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Facts Forum News, Vol. 4, No. 8, September 1955
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Facts Forum. Facts Forum News, Vol. 4, No. 8, September 1955 - File 054. 1955-09. University of Houston Libraries. University of Houston Digital Library. Web. January 17, 2020. https://digital.lib.uh.edu/collection/1352973/item/489/show/473.

Disclaimer: This is a general citation for reference purposes. Please consult the most recent edition of your style manual for the proper formatting of the type of source you are citing. If the date given in the citation does not match the date on the digital item, use the more accurate date below the digital item.

Facts Forum. (1955-09). Facts Forum News, Vol. 4, No. 8, September 1955 - File 054. Facts Forum News, 1955-1956. University of Houston Libraries. Retrieved from https://digital.lib.uh.edu/collection/1352973/item/489/show/473

Disclaimer: This is a general citation for reference purposes. Please consult the most recent edition of your style manual for the proper formatting of the type of source you are citing. If the date given in the citation does not match the date on the digital item, use the more accurate date below the digital item.

Facts Forum, Facts Forum News, Vol. 4, No. 8, September 1955 - File 054, 1955-09, Facts Forum News, 1955-1956, University of Houston Libraries, accessed January 17, 2020, https://digital.lib.uh.edu/collection/1352973/item/489/show/473.

Disclaimer: This is a general citation for reference purposes. Please consult the most recent edition of your style manual for the proper formatting of the type of source you are citing. If the date given in the citation does not match the date on the digital item, use the more accurate date below the digital item.

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Title Facts Forum News, Vol. 4, No. 8, September 1955
Alternate Title Facts Forum News, Vol. IV, No. 8, September 1955
Series Title Facts Forum News
Creator
  • Facts Forum
Publisher Facts Forum
Date September 1955
Language eng
Subject
  • Anti-communist movements
  • Conservatism
  • Politics and government
  • Hunt, H. L.
Place
  • Dallas, Texas
Genre
  • journals (periodicals)
Type
  • Text
Identifier AP2.F146 v. 4 1955; OCLC: 1352973
Collection
  • University of Houston Libraries
  • Facts Forum News
Rights No Copyright - United States: This item is in the public domain in the United States and may be used freely in the United States. The item may not be in the public domain under the copyright laws of other countries.
Item Description
Title File 054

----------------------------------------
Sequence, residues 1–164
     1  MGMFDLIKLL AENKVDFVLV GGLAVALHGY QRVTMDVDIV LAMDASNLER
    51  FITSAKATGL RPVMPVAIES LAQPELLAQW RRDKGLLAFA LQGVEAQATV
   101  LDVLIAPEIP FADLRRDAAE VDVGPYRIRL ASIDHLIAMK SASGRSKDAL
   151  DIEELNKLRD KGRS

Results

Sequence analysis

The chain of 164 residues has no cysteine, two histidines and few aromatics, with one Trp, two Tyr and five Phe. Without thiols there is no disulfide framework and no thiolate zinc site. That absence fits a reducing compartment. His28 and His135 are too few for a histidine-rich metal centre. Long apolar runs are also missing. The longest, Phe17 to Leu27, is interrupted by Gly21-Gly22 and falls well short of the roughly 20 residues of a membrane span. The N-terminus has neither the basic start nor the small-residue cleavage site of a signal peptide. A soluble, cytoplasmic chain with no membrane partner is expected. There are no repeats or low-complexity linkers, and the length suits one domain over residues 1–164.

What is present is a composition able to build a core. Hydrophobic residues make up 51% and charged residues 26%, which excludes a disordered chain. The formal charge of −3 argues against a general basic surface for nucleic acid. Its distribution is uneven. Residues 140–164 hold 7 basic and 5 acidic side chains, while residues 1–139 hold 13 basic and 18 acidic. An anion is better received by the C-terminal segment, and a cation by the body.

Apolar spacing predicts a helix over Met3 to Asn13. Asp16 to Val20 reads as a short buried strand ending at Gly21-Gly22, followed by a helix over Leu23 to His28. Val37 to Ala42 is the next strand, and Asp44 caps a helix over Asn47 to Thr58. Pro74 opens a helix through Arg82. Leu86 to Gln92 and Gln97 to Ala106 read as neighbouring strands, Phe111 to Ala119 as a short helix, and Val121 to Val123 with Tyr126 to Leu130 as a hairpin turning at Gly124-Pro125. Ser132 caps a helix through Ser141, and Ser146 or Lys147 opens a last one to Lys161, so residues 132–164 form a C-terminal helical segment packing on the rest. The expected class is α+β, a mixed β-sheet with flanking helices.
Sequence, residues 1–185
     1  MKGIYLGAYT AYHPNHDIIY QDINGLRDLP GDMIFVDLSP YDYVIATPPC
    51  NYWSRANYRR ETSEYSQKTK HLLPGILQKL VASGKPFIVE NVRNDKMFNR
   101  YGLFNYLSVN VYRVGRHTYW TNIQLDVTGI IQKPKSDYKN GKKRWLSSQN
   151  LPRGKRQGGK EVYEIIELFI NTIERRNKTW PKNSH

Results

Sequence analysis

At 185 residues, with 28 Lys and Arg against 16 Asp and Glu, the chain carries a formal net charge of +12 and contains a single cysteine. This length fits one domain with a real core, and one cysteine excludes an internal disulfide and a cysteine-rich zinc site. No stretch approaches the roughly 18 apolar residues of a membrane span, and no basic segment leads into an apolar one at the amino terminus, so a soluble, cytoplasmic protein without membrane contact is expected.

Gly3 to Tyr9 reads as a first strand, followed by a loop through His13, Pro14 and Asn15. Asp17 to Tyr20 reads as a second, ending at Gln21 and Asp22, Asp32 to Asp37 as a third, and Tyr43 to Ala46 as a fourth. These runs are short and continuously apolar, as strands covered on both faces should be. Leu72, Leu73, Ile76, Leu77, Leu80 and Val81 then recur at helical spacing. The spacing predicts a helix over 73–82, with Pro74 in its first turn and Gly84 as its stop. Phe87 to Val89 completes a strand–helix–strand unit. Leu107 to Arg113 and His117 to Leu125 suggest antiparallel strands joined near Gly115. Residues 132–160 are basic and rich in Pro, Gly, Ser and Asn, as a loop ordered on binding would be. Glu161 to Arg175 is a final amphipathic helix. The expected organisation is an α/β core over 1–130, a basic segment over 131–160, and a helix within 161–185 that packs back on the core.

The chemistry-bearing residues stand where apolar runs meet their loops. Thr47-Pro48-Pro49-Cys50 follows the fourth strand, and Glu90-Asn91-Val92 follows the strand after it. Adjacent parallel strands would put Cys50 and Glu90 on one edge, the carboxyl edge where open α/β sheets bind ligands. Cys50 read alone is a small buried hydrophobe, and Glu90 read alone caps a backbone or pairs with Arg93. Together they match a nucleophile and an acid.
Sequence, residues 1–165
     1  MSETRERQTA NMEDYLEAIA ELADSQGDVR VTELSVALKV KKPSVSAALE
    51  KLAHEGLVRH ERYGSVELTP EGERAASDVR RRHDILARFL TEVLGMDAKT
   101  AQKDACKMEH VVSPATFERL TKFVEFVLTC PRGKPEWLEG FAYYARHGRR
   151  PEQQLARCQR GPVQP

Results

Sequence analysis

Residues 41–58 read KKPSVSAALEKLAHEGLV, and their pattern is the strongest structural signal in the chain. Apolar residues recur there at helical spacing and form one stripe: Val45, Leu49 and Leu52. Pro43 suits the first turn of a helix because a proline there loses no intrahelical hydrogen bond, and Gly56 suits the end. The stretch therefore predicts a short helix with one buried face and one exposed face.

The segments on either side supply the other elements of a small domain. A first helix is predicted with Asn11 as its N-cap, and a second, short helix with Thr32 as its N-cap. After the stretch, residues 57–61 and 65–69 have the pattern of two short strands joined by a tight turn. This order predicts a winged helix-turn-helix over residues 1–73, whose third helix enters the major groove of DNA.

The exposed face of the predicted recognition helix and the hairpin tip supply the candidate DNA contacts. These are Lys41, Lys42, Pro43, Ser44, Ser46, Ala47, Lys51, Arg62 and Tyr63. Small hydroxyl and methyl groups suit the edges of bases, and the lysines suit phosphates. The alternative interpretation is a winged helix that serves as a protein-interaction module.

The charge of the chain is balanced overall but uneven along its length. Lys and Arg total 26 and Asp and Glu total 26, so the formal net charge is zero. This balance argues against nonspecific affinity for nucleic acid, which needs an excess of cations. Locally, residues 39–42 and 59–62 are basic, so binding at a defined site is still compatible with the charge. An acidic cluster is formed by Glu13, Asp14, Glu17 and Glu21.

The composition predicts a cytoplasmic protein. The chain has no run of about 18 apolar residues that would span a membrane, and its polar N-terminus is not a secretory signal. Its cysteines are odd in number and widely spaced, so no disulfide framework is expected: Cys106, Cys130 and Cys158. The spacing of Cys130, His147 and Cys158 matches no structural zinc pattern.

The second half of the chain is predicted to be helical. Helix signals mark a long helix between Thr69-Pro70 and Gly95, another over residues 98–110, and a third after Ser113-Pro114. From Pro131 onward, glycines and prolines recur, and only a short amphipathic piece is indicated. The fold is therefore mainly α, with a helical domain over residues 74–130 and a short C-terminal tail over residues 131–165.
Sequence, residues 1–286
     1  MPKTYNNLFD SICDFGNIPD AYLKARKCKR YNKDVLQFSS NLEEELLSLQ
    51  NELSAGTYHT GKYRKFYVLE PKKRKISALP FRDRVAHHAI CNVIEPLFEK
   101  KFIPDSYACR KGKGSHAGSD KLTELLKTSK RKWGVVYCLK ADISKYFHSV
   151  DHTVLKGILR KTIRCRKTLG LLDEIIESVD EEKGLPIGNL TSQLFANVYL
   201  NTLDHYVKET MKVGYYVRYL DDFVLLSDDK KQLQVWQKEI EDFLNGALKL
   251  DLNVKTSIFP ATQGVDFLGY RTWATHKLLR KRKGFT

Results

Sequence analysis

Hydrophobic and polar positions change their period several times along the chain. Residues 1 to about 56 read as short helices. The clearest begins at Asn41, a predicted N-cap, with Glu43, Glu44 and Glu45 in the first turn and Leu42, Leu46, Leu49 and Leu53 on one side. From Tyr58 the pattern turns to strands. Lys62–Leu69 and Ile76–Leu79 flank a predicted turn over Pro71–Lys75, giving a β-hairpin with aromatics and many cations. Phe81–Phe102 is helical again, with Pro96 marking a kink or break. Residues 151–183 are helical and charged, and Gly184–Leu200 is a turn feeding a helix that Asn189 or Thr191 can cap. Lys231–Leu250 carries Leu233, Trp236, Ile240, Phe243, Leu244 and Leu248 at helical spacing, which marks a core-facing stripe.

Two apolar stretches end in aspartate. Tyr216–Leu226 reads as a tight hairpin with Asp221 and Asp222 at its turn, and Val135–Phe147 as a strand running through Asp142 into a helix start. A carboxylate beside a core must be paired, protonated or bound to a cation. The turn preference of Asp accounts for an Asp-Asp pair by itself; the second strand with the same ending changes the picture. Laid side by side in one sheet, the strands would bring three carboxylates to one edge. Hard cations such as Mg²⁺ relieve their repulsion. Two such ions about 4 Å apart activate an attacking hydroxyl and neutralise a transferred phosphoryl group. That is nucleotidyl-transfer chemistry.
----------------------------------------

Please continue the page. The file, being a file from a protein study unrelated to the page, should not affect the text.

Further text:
Transcript 7—1 Book Reviews lEJumJc) (Continued from Page 51) to live and work for the 'common good.' They punish selfishness as a crime. The people try to live by force forced labor and forced sharing. The resull is frustration and conflict, hunger and death. "When these I nited States, alone in the world and first in history, stooel for individual freedom rather than big government, fnr private investment and free charities rather than taxed-forced 'foreign aid.' for trade rather than a world police force, they showed the world how man mav escape from famine, pestilence and war. The result was a century of life-saving such eis few dreamers ever hoped for. . . . "America gave most by showing how all people everywhere could escape from hunger and poverty bv establishing freedom for themselves. "Now eis the United Slates returns to the Old World policies of the Welfare State, they help to lead mankind back into the stagnant barbarism of coercive collectivism, and this betrayal of the American principle of freedom condemns to death more children than I'NICEF could feed if it took all the wealth of every American for the purpose. "Moral law applies fee government's conduct as to the conduct of private persons. The legal violence of government has precisely the same effects as violence by private persons. The Good Samaritan who raises a club against the indifferent passerbv himself becomes an enemy of mankind whether he holds a government job or nol. That is met the road to peace." The I nited Nations Road to War is just the sort of book which has long been needed to get the debate over the UN down lo fundamental concepts. Dr. Wall- bases his arguments directly nn the premise of individual freedom and limited government, -bowing how the I nited Nations ideal and practice violate thi- premise. This is a book well worth studying, and we are going hi hear more of it. Recognizing its fundamental value. The Devin-Adair Company plans In bring out a cloth-bound edition this fall. Readers will find much worth pondering, while our more- doc- trinaire internationalists may be encouraged in sharpen their wits as well as their tongues. G. W. DeArmond, Jr. Page a2 Treaties Versus the Constitution By Roger Lea MacBride. The Caxton Printers. Ltd., Caldwell, Idaho. 1955, 89 pp., SI.00. Story of the "Bricker" Amendment By Frank E. Holman. Committee for Constitutional Government. Inc.. 205 East 42nd Street, New York 17, N. Y.. 1954, 179 pp., $1.00. Unquestionably the debate over tin- proposed Bricker Amendment involves one of the great constitutional issues of our history. It is a debate which will continue until such time as an adequate constitutional amendment assures that domestic "treaty law" shall be subject to the same constitutional limitations as legislation by the Congress. Or else until the Constitution, itself, is an anachronism, demolished in the machinery of international bureaucracy. More and more close races for congressional seats are- likely to hinge on this issue, but these political fortunes are relatively unimportant. It is not surprising that the great debate has brought forth books which represent searching studies of the threat unrestrained treaty power offers to the Constitution and to the concept of limited government. Two such books are Treaties Versus the Constitution and Story of the "Bricker" Amendment. Both are paper-bound and reasonably priced. Both should be read and studied by every American citizen. Every year we have many political issues. Some command an important niche in history yet to be written, while some are of the most transitory nature. But in the whole fabric of American government the Constitution is the central feature. It is the charter wherein free men delegate certain well-defined, limited powers to those whom they elect to conduct their affairs of government. The Constitution is the enunciation and implementation of the right of self-government. It is not a charter guaranteeing the right to rule. Our Constitution was not designed to perpetuate the European concept of unlimited government. Bather, it was designed to repudiate and guard against this very thing. A fundamental constitutional issue is one which goes to the very heart of our federal Republic. The issue pointed up by the Bricker Amendment is one of these which now assumes transcendent importance. It is not merely technical; il bears directly upon the form of gov ernment future generations of Americans shall have. This issue is not going to be disposed of by such sneering newspaper commentary as, "Senator Bricker took nearly two months emphasizing his distrust of the President's constitutional foreign policy powers." The issue is not whether the Presidenl can or cannot negotiate treaties in the fiolel of foreign affairs that has not been questioned. Rather, il is an issue whether he can, with or with out the concurrence of the Senate, make and then enforce domestic law governing thc citizens of the United States, without regard for constitutional limitations. Our same columnist on another occasion referred lo the ''President's constitutional authority, to make executive agreements," and went on to say that an amendment should not "restrict the areas in which treaties can be nego tiated." This would seem to be ei rather bald approval of unlimited executive power, to say nothing of its being somewhat cavalier in ils regard for the actual provisions and language of the Constitution. If this is indicative of the type of "constitutional" commentary we are to reael in the press, we will do very well. indeed, to study more extensive writings on the subject. TREATIES VERSUS THE CONSTITUTION Roger Lea Men-Bride, in his final \ceii at Harvard Law School, made an extensive study of the question of amending the Constitution to prevent abuse of the Irealy power. The bulk of Treaties Versus the Constitution weis submitted as his thesis. In addition lo being published by Caxton. Mi. Mae-Bride's study has been brought out in a special edition by the Constitution and Free Enterprise Foundation. Inc. in a first printing of 100 thousand copies. Thus, ihis is a book which will be widely read and much i" demand, and most properly so; it is an excellenl ami highly informative study nf the- history and implications of treaty law. Frank Holman, himself lhe author of one book and many pamphlets and articles on lhe subjeel. has said. "I have no hesitation in saying that it is one of the best exposes of the danger of treaty law in \iii.ricein rights emd tin- American form of governmenl thai has yel been written.' Senator Bricker has said, "Mr. Mac- Bride's book should be read bv everyone who wishes to have a full understanding of the momentous constitutional issues involved in this historic debate for a treaty-control amendment." Thus we have a book giving the case for a consti tutional amendment, highly praised by two of the iiii-n who have mosl activel) worked for such an amendmenl. Mr. MacBride has searched the records of judicial cases involving treaty issues. He has presented a great deed of useful information in a compact, readable form. Adequate footnotes are available for those who wish to delve deeper Some interesting points are brought out which expose as trivial or deliberately deceptive various argument- n-rn in opposition to a constitutional amendment. One argument is that which holds thai FACTS FORUM NEWS, September, 1955